Your kneecap (patella) slides within a groove at the bottom of the femur (thigh bone) and is held in place by the quadriceps muscles as well as ligaments and tendons attached to the inside and outside edges of the patella. The patella functions to increase the force of the quadriceps thigh muscles to straighten the knee.
Patella dislocation is usually caused by a traumatic incident such as a twisting movement or a direct blow to the knee. When this happens, the patella is moved out of its normal alignment in the groove, most commonly outwardly, stretching and damaging the muscles and ligaments on the inside of the knee.
Patella dislocation is most common in athletic teenagers and there are many factors that can predispose you to dislocating your patella such as:
- Past patella dislocation or subluxation, increased patellafemoral joint laxity or maltracking.
- A shallow femoral groove, a small patella or one that sits abnormally high.
- Significant genu valgum deformity (knock knees) or extremes of foot posture i.e. pronation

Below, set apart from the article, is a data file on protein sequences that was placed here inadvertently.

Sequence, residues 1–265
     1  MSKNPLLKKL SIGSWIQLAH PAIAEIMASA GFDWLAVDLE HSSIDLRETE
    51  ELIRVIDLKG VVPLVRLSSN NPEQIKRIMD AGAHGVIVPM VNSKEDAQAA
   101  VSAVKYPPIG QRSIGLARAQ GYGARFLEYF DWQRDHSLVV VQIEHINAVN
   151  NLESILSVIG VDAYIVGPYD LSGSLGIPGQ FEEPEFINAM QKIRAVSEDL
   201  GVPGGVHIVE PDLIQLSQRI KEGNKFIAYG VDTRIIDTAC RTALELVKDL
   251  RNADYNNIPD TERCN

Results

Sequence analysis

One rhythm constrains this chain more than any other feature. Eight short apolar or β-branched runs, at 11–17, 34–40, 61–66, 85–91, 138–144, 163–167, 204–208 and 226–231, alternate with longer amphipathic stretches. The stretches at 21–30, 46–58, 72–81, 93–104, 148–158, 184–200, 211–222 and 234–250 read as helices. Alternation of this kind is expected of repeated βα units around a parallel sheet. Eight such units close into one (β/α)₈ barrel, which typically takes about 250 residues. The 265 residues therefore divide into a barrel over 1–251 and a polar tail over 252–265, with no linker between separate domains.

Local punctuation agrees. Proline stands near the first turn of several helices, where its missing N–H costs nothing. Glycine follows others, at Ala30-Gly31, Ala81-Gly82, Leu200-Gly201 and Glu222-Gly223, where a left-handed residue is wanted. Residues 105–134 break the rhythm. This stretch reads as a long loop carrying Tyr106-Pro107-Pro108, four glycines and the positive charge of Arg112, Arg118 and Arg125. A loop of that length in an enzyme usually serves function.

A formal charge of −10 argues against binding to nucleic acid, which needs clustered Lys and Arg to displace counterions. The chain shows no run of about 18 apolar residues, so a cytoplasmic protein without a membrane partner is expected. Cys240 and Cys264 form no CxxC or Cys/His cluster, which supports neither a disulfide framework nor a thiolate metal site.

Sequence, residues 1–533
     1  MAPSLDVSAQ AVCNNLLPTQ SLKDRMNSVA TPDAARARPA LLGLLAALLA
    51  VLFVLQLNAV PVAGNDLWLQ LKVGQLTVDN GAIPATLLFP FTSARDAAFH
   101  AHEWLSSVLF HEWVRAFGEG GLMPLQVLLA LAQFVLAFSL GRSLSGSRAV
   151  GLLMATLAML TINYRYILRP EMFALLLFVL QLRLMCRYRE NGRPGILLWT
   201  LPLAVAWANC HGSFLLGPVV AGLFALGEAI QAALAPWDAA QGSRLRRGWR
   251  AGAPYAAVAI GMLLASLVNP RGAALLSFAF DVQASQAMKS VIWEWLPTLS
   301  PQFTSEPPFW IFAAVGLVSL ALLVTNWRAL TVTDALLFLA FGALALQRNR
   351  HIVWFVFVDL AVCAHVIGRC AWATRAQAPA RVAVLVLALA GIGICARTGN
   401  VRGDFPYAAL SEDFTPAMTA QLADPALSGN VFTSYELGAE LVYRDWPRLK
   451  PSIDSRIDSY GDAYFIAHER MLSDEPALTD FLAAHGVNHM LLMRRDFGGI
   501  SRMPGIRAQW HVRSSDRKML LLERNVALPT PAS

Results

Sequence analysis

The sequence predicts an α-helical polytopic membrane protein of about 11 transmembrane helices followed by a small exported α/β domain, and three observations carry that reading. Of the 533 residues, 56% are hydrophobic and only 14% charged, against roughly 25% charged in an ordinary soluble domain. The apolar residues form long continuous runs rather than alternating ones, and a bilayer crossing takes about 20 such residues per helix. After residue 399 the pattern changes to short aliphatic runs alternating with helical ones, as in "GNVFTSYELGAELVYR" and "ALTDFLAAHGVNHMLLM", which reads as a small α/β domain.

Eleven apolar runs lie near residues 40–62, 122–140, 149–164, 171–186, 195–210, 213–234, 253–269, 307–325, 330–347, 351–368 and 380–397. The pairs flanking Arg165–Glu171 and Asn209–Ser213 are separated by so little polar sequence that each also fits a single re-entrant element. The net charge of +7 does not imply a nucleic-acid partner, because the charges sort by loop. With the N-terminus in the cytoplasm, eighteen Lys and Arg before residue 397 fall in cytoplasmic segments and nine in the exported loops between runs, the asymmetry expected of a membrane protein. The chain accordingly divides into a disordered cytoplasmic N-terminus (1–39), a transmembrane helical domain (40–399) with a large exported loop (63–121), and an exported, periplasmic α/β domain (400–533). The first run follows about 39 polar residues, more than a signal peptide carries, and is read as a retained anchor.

- Weak inner quadriceps muscles, poor knee control or pelvic stability.
- Tight lateral retinaculum, ITB, hip flexors, vastus lateralis and biceps femoris muscles.
Initial treatment will involve relocating the patella, if it did not occur spontaneously (quite often it will relocate by straightening the knee). An X-ray or MRI may also be used to confirm the diagnosis and identify damaged structures surrounding the kneecap or to the patella joint surface. Surgery may be required to repair significant damage to bone (eg patella joint surface) or ligament as a result of the dislocation or for recurrent dislocators when their day to day life is being interfered with.
Most first time dislocators are immobilized in an extension split for 3-6 weeks followed by physiotherapy, which will include:
- Reducing pain and inflammation and protecting the patella with taping or a patella brace. Restoring knee range of motion which may involve stretching and release of tight muscles and tendons around the knee.
- Strengthening exercises especially for the inside quadriceps muscle as well as the hip and pelvis muscles
- Improving your proprioception, agility and balance and your knee motion technique and function (eg walking, running, squatting, hopping and landing) to help prevent future dislocations.
Following an initial patella dislocation, the risk of recurrence is almost 50% if no (or insufficient) rehabilitation is received. The risk of re-injury increases substantially each time the patella is dislocated. Rehabilitation will take at least 8 to 12 weeks and decrease your chance of a recurrent dislocation.